For example, falling interest rates tend to generate refinancing activity, which essentially calls mortgages—most of which have long maturities3—away from fixed-income investors and can shorten the durations4 of their portfolios. And the opposite can happen in an environment of rising interest rates, when fewer homeowners refinance, thus leaving more mortgages in the hands of investors and potentially lengthening their durations. That's generally not a desirable outcome when interest rates are rising, so investors might sell long-duration assets, such as Treasuries and agency MBS, to compensate. This dynamic can lead to a cyclical pattern of interest-rate turbulence.
In the current environment, however, the Fed has purchased more than $1 trillion in agency MBS with maturities of 10 years or longer as of late February 2013. This amount represents about 30% of the outstanding MBS market.5 In addition to its holdings of more than $400 billion in Treasury notes with maturities of 10 years or longer, the Fed has removed a significant amount of long-duration assets from the market. And with fewer long-duration assets to hold, the Fed may have significantly muted the cyclical effect that can cause volatility when interest rates start to drift higher.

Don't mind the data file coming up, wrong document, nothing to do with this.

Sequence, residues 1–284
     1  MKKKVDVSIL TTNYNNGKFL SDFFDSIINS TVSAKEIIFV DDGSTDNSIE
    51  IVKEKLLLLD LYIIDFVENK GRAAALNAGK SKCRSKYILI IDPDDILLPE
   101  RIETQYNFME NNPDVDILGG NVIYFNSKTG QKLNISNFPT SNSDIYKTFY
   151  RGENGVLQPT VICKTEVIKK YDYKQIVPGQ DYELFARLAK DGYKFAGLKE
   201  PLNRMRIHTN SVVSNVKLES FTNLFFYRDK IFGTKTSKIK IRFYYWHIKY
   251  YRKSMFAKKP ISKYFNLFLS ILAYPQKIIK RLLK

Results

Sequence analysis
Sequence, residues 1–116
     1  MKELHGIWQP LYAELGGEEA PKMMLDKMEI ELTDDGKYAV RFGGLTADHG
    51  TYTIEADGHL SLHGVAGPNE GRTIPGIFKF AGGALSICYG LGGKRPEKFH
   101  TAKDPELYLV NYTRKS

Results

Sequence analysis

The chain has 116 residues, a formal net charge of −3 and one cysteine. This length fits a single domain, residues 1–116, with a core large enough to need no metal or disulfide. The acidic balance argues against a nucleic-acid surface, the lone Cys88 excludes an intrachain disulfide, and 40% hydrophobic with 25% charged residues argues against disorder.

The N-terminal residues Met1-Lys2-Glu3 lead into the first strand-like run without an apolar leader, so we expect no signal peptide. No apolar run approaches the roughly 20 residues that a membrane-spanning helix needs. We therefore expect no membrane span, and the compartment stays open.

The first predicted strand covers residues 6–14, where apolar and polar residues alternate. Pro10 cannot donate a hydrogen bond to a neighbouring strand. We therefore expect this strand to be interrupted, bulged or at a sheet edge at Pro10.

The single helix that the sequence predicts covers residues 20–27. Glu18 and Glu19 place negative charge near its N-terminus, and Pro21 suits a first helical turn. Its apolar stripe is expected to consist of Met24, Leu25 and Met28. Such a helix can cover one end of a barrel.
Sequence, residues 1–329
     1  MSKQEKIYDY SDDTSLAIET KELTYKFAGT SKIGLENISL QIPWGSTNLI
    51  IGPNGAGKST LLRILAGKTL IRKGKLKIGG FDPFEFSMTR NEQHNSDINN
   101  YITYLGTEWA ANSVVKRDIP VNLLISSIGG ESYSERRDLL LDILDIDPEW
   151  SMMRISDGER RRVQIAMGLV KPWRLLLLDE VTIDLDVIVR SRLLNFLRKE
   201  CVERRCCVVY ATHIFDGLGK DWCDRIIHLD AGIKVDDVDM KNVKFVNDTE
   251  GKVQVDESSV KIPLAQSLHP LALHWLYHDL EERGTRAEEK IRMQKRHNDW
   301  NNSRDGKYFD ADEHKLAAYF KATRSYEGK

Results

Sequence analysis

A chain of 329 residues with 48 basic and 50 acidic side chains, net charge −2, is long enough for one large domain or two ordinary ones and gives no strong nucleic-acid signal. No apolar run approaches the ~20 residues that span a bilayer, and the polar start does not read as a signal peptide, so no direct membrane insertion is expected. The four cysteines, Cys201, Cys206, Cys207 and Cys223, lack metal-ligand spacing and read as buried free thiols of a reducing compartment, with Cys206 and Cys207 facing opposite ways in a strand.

Although Fed members recently questioned the Fed's quantitative easing programs, there appears to be more agreement among members that the economy, and housing in particular, need further support through monetary policy. A significant part of this support has come from the Fed's balance sheet, and even if it decides to adjust its asset purchases going forward, the composition of its massive asset holdings could dampen interest-rate volatility going forward.